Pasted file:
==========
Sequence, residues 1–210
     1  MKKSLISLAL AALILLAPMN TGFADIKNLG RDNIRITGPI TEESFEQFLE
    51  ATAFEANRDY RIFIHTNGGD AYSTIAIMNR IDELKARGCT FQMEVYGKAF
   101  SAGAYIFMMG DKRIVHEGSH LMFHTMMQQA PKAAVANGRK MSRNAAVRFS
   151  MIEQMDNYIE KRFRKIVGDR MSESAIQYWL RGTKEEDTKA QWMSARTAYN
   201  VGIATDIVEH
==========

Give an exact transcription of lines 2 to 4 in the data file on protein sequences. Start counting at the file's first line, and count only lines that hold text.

     1  MKKSLISLAL AALILLAPMN TGFADIKNLG RDNIRITGPI TEESFEQFLE
    51  ATAFEANRDY RIFIHTNGGD AYSTIAIMNR IDELKARGCT FQMEVYGKAF
   101  SAGAYIFMMG DKRIVHEGSH LMFHTMMQQA PKAAVANGRK MSRNAAVRFS